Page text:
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I04O                          Appendix VI.

engaging with the lever L and putting one or other of the pair of

bevels hi gear.    The head B can be advanced by hand wheels w

\i                         and T, slewed to suit taper holes, or the work may be lifted for

examination by means of the lever N.

;                              A grinding rig is also shewn in Fig. 938 for a small three-

1                         throw crank shaft.    Special heads m and r are bolted to the table

;                         (see Fig. 935), and these carry driving bosses p q> the weight s

'J                         acting as a balance.    The emery wheel must be of large diameter

j                         so as to reach the work.


i]                               P. 202.    Automatic   Turret  Lathe.—Alfred Herbert's

/:                          Full-automatic Screw Machine is illustrated in Figs. 939, 940,

jj                          941, and 942.    The first figure indicates by side and end eleva-

11                          tion the arrangement of the machine, which obtains its title from

,*                          the fact that it is largely occupied in the production of bolts,

t,                          studs, and screws, though various forms of handles and spindles

'!                          may also be cut from the solid bar or stock, and all this with

practically no attention whatsoever.    It will be seen from Fig. 939

>k                          that there are two sets of driving gear from the overhead counter-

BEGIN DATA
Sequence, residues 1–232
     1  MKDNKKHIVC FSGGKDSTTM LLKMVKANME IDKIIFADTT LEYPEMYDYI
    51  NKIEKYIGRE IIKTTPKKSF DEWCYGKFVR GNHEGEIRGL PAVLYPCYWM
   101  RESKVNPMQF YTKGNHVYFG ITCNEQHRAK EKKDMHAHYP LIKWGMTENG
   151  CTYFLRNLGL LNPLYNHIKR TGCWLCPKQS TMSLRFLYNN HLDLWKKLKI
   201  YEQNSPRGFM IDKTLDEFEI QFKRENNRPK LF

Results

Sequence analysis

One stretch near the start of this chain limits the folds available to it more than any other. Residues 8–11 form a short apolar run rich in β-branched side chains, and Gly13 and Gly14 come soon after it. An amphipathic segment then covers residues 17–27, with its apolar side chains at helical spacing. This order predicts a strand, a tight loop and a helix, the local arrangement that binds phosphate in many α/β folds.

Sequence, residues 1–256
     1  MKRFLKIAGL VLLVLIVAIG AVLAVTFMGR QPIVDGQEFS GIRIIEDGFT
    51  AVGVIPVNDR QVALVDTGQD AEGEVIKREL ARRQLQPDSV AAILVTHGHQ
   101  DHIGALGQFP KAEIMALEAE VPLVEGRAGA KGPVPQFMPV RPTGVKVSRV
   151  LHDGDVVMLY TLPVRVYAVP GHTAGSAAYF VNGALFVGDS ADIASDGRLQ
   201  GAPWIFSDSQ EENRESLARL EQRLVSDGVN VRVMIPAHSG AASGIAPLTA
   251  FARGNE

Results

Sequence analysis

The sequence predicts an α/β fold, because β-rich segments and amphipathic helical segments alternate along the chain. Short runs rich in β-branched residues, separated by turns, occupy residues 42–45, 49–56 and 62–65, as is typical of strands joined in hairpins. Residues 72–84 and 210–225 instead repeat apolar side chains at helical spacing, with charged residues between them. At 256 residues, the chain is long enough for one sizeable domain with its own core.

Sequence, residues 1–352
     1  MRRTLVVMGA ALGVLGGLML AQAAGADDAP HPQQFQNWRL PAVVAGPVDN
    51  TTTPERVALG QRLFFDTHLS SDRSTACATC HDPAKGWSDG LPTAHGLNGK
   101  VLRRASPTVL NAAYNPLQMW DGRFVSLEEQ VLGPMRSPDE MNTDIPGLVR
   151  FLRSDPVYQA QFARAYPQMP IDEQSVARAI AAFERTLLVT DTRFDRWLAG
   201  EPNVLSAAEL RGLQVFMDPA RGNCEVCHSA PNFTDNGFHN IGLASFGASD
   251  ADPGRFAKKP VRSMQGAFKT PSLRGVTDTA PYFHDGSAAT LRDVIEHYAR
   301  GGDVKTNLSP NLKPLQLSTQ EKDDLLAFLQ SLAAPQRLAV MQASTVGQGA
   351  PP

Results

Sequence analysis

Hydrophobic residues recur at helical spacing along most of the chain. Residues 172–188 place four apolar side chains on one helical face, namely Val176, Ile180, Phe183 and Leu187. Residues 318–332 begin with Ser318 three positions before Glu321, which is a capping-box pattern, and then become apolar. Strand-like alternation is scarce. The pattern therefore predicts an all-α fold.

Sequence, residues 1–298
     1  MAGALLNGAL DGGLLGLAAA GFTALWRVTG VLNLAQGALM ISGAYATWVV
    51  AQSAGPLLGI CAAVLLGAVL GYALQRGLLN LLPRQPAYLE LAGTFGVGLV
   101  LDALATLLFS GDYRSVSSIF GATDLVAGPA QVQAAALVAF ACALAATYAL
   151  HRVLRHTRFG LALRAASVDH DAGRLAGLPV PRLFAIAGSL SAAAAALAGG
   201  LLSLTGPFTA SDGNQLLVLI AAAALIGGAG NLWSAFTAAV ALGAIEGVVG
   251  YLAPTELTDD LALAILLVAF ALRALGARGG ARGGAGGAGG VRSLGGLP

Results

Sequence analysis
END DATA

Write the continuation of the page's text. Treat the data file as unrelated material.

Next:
I                          shaft; at A with crossed and open belts so as to rotate by spur

' |                          gear the hollow mandrel, and at B through worm gear to the cam

1                          shaft D.    The drum E is supplied with cam plates, which strike

|                          the studs  at K for the purpose of causing the  stock or bar

f1                          within the hollow mandrel to advance to the correct length, when

^                          it is gripped by the collet or chuck; while the cam disc M acts

'(,                          upon a lever, which gives a backward or forward rotation of shaft

tj                          N, thus moving the forks at p, and producing the forward or

/j                          reverse rotation of the mandrel, according to which belt is on the

' y                          fast pulley.    Another cam plate G acts upon the levers H and j,

'!                         that put the slides at Q in position for parting the finished work,

the tools being shewn at R, and the turret slide is advanced and

withdrawn for the operations of turning, screwing, rounding, &c,

, I                         by means of cam plates upon the drum F.

''J                               Referring now to Fig. 940, which is a section and plan of the

f ;f *                          headstock: A is the driving pulley, and B c loose pullies, one for

|                          the crossed and the other for the open belt, and the fast pulley A

, i                          is slightly larger than the others, so as to cause a better grip when

'2                          driving.    The lever D, previously mentioned, rocks to right or